In 1970 Michael Eavis, inspired by the Blues festival at the Bath and West Show, opened his own festival of music on his own Worthy Farm near Pilton in Somerset. This was followed in 1971 by the Glastonbury Free Festival which included a temporary pyramid stage. The artists playing included David Bowie, Hawkwind, and Fairport Convention.
This was the start of Glastonbury, but it did not become a regular annual event until 1981 when Eavis, in conjuncture with CND, set it up organizing the festival on a regular basis. CND gave the 3-day event the advertising while Eavis provided the site and the financial backing. A more permanent pyramid stage was now constructed which doubled in the winter as a cow shed and animal food store.
In 1983 the event required a license from Mendip District Council which set the crowd limit to 30,000, who enjoyed Marillion, UB40 and The Beat. The event raised 45,000 pounds for CND and local charities. As Glastonbury grew nearby Cockmill farm was purchased in 1985 as more room was needed.
The music festival continued to grow and when it came to celebrate its 25th anniversary a special event was planned with performances from the Cure, Oasis and Simple Minds mixed with appearances from Al Stewart and Keith Christmas who had been at the first event.
The official attendance was 80,000 but this is rather a speculative figure as a perimeter fence was breached and many thousands entered the festival unaccounted for. The size of the event has now grown to where the official attendance is 150,000 over the three days with tickets being purchased as soon as they have been released and demand in excess of 1 million.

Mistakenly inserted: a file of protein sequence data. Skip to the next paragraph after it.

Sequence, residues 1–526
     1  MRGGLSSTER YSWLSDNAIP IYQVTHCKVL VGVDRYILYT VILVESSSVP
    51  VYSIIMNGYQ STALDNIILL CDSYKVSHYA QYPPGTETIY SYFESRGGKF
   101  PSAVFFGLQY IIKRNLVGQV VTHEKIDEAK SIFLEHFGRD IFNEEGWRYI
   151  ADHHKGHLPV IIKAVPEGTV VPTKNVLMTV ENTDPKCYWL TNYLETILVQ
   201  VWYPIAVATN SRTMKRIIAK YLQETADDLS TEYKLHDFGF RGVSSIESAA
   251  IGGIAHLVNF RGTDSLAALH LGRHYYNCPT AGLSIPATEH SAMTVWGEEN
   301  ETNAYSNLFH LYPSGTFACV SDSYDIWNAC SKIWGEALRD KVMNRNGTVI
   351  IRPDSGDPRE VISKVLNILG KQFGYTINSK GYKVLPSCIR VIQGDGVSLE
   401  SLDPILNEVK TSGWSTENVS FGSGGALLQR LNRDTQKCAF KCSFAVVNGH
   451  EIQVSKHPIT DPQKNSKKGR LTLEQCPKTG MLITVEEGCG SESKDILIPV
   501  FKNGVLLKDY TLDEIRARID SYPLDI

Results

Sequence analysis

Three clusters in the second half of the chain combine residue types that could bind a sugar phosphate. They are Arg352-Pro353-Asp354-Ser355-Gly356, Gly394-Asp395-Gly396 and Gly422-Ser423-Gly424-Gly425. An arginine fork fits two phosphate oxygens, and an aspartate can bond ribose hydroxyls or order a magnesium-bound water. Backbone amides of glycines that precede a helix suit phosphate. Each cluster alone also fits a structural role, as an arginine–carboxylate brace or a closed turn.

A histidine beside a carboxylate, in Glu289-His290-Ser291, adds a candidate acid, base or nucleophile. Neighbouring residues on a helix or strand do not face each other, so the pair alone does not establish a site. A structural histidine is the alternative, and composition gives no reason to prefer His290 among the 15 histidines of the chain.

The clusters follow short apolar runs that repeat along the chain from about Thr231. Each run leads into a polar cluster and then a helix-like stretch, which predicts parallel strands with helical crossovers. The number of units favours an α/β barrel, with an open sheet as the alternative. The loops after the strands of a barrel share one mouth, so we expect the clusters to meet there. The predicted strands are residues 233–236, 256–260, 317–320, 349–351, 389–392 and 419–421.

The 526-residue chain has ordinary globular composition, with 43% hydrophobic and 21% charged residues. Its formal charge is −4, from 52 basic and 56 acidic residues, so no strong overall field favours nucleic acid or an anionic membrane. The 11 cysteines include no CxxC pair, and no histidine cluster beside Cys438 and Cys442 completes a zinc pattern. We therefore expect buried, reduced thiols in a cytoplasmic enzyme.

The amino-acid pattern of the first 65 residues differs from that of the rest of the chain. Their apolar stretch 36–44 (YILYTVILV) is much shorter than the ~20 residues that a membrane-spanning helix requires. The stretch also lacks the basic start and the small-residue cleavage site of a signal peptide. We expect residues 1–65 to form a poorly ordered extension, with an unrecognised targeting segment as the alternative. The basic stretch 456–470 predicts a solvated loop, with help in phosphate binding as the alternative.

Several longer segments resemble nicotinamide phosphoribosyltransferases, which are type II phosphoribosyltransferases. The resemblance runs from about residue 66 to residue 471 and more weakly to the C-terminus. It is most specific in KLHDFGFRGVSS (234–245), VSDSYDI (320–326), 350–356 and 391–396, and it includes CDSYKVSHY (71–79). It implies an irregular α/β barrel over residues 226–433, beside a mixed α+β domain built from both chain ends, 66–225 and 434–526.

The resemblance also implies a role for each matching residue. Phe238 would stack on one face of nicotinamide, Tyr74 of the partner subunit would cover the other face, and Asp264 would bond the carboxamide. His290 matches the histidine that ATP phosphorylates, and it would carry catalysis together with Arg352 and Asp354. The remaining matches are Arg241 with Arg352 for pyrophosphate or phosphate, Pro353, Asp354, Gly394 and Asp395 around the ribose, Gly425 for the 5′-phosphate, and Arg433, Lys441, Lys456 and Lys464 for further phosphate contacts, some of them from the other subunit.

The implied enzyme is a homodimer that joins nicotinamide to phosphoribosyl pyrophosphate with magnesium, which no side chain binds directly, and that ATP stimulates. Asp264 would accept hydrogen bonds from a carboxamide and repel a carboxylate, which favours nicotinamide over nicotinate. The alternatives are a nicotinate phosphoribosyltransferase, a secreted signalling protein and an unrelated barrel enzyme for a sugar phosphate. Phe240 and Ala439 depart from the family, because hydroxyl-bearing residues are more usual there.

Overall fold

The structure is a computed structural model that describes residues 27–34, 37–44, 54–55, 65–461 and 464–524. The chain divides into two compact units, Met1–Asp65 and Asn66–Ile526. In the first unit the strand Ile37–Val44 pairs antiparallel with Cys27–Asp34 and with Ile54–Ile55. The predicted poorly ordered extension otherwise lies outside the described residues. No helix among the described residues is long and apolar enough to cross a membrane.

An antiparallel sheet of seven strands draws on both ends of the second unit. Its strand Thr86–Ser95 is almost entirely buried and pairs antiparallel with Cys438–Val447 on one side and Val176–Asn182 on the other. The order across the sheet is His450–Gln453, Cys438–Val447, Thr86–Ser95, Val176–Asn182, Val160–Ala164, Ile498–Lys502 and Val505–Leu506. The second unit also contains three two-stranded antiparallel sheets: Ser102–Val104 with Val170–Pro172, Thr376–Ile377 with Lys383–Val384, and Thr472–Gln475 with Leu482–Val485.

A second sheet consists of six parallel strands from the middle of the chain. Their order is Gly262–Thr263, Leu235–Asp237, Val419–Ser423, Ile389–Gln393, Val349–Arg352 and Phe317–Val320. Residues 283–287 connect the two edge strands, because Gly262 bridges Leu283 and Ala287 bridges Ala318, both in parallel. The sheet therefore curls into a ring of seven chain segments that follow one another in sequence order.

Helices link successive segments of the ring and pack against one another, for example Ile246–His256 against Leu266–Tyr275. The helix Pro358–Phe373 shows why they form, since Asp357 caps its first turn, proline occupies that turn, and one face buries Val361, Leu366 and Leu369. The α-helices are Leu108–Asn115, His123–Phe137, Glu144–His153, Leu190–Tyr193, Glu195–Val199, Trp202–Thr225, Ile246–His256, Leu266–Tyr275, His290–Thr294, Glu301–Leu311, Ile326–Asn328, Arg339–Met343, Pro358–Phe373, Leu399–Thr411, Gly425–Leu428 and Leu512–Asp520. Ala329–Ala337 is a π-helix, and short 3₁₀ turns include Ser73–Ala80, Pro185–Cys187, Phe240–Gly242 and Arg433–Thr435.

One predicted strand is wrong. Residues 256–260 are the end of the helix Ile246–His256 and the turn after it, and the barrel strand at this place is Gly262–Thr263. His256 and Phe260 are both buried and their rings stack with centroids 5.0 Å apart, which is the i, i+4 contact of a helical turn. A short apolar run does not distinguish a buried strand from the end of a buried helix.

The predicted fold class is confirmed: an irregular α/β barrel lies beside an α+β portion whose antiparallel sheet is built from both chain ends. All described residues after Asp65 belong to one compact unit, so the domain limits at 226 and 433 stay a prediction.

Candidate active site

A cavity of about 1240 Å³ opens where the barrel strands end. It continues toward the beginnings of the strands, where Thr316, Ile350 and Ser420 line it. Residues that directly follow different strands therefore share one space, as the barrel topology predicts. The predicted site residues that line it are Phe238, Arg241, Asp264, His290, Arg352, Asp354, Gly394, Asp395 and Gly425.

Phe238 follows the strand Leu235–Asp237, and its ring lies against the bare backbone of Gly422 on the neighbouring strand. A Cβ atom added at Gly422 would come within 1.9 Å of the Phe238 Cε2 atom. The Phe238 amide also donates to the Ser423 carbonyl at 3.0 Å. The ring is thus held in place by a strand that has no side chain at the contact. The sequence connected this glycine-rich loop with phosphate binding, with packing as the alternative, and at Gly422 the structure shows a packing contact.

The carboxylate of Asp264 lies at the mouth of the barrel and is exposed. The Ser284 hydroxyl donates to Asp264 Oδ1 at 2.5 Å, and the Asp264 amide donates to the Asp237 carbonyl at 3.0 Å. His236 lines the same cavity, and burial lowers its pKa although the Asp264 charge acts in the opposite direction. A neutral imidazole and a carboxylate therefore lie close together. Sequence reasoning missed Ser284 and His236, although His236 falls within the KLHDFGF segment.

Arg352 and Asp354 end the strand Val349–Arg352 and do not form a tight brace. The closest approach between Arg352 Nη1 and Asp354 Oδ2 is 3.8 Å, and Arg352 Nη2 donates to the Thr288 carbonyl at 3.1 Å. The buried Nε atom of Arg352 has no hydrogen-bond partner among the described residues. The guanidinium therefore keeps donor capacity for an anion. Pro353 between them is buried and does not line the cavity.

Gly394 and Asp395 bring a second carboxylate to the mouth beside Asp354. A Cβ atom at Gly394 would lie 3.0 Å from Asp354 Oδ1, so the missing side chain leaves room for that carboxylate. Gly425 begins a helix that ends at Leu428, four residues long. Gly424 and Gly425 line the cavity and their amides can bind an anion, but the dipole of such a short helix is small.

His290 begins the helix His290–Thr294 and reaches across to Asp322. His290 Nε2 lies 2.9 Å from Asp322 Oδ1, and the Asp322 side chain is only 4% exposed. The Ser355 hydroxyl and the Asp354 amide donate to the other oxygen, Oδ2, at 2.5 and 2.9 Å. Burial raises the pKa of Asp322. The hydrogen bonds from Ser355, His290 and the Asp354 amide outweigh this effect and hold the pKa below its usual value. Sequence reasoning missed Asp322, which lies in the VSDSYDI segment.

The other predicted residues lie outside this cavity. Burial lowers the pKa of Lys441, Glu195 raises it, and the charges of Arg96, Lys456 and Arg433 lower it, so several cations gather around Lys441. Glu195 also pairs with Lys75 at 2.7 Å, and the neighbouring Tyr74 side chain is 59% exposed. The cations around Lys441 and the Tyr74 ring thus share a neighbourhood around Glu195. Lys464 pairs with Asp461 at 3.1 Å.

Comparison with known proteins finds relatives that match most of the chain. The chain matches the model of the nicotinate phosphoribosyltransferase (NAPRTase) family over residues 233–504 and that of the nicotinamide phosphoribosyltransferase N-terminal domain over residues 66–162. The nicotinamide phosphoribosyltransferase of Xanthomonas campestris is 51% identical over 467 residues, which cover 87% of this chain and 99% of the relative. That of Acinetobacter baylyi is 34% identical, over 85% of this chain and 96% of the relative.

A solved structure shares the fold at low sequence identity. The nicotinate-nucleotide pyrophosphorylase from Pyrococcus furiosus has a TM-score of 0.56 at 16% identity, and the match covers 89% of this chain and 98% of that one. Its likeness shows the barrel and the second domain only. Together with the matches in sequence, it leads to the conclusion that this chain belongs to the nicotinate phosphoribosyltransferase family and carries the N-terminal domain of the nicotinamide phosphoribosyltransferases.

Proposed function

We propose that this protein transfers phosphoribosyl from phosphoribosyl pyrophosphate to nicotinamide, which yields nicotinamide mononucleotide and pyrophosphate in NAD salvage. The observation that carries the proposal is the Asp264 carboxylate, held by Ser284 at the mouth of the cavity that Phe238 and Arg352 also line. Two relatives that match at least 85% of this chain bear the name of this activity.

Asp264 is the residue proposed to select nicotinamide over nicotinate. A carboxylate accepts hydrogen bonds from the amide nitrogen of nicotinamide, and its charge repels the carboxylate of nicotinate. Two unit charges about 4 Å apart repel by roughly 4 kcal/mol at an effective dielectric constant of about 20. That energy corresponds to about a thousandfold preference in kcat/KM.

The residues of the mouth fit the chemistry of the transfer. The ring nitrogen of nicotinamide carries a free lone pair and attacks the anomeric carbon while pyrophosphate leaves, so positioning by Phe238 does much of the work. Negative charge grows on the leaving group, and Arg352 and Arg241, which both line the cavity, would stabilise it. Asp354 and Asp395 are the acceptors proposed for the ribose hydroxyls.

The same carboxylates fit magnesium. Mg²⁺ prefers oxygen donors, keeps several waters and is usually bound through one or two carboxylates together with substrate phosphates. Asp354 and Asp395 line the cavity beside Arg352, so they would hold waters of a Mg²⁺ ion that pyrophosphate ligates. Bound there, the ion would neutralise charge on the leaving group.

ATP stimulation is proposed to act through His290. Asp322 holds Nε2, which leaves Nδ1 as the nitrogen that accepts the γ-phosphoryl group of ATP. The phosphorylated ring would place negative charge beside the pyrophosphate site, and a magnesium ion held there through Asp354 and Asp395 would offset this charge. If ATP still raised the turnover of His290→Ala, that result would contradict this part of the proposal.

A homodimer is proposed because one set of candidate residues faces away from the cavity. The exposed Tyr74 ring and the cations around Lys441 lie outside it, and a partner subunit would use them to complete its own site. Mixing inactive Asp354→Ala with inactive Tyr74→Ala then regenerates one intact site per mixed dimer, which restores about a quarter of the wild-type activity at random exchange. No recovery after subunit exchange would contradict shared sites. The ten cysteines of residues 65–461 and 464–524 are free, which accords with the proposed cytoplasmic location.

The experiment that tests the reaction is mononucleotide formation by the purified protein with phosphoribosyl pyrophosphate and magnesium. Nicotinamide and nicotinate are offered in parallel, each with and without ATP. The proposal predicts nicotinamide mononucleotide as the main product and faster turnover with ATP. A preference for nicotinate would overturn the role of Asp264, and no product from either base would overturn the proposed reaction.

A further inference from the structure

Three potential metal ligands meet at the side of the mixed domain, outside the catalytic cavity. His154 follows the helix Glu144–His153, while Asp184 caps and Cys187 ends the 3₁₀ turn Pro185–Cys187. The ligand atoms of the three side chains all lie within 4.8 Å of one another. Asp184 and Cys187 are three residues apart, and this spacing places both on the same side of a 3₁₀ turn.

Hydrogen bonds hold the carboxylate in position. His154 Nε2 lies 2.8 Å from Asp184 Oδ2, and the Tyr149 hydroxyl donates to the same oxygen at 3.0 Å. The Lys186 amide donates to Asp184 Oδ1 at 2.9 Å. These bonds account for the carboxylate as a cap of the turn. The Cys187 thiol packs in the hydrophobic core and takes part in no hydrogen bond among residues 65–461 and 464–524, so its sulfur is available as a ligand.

Glastonbury is a huge operation and the vast majority of attendees spend the three days camping in wide variety of tented options that can be as attractive to the least wealthy student as it can to the wealthiest trader. A transient city is created in the centre of the Somerset countryside, and people of all ages and from a wide variety of socio-economic backgrounds merge together to enjoy the festival.
Glastonbury undoubtedly has that special edge that makes it so unique. It has always been seen as a festival of contemporary performing arts and not just music. Dance, comedy, theatre, circus and cabaret acts have always performed at the festival.
The timing of the event in June so close to the summer solstice and in a region not far from Stonehenge gives an atmospheric feel to the festival. With the surrounding tors in view it is hardly surprising that there is a huge hippie presence at Glastonbury and is so attractive to druids.
There are now 30 different stages where music can be heard. The serious music follower will come prepared and have an expert knowledge of who is playing when and where. Of course, the majority will want to see the headline acts on the main pyramid stage on the Friday and Evening slots.
The beauty of Glastonbury is that it really grew in the 80s when British rock was having its own revolution with Punk shaking it to its foundations. Alternative styles of rock have always been encouraged and catered for, and this wide eclectic mixture just adds to the beauty of the festival.
Glastonbury has turned into a major attraction in the British social calendar along with so many other popular events. The beauty of this festival is that it attracts so many people from such a wide variety of background and status.